- In the first 11 months of 2020, Emmet Peppers, who grew $30,000 in 2010 to more than $70 million today, generated 10,000% in gross returns for his incubator hedge fund.
- Peppers, who had successfully predicted the COVID-19 market crash and placed early bets on stocks such as Facebook and Tesla, is now officially launching his first fund — the Accelerated Opportunities LP Concentrated Growth Fund.
- He breaks down his turnaround trade prior to and during the COVID-19 market crash and shares what led to his early bets on Facebook and Tesla.
- Visit Business Insider's homepage for more stories.
In a career spanning personal fitness training, sorting bins of returned mails, and servicing hedge funds, Emmet Peppers has hustled his way into becoming a newly minted hedge fund manager with a formidable track record.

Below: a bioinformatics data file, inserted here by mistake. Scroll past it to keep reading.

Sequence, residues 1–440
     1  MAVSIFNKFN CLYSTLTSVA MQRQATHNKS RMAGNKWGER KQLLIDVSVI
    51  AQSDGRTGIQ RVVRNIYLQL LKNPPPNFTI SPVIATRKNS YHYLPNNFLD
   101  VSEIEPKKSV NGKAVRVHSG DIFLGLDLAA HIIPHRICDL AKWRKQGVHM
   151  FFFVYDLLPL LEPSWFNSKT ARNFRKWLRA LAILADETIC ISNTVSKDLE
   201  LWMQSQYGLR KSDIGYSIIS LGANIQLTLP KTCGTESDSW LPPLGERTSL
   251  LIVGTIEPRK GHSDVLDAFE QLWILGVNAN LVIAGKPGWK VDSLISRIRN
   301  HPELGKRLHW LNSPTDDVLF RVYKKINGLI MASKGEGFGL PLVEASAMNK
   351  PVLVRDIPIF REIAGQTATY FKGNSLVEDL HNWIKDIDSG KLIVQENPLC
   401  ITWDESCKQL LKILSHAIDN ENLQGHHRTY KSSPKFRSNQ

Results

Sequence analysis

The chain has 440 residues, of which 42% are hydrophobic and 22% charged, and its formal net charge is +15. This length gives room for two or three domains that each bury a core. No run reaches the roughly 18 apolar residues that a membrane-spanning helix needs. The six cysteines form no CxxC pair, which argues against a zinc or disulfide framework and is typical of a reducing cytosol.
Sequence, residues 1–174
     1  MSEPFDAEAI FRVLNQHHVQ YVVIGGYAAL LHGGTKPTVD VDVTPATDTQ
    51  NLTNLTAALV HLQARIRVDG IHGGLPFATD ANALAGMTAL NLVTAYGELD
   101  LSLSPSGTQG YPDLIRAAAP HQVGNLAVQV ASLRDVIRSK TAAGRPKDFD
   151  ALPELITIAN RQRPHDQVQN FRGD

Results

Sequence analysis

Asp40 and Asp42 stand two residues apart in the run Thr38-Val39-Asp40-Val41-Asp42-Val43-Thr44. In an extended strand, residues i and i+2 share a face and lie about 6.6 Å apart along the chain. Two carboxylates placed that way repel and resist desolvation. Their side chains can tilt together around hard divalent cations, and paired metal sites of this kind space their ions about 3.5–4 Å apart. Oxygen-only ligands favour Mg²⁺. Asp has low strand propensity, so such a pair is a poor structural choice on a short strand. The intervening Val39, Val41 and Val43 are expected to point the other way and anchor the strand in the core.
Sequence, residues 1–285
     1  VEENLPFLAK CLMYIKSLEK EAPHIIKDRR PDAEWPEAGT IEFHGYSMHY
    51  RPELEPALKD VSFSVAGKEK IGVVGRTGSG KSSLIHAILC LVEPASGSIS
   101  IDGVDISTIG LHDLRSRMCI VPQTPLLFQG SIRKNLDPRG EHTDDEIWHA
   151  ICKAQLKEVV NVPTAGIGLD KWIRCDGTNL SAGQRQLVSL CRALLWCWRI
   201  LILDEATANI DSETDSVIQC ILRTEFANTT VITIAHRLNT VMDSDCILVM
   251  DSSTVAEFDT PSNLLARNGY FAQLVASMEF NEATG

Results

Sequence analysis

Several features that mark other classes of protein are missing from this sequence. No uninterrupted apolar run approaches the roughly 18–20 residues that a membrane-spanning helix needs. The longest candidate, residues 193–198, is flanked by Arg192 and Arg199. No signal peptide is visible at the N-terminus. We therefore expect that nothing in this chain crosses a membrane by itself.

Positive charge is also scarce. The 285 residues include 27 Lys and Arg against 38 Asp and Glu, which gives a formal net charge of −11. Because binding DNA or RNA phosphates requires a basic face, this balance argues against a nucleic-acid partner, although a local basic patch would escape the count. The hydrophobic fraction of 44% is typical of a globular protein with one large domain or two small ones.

Like many independent investors, Peppers started trading in his individual retirement account in 2010 with less than $5,000 and two years later opened his personal account with a $25,000 deposit.
Today, his trading accounts — including an incubated version of his hedge fund which generated 10,000% in gross return from January to the end of November alone, have ballooned to over $70 million in assets.
"I know those types of returns will never happen again. It's been an incredible year for me with opportunities in the market moving up and down and me getting them right," Peppers said in an interview. "But I still think my investment philosophy will significantly outperform the S&P 500 over the long term."
Peppers' confidence stems from consistently reaping massive rewards from identifying opportunities ahead of the market.
In fact, his foresight and research gave him the conviction to execute a turnaround trade this year that catalyzed the launch of his hedge fund Good Soil Investment, which on Tuesday is unveiling its first fund — the Accelerated Opportunities LP Concentrated Growth fund.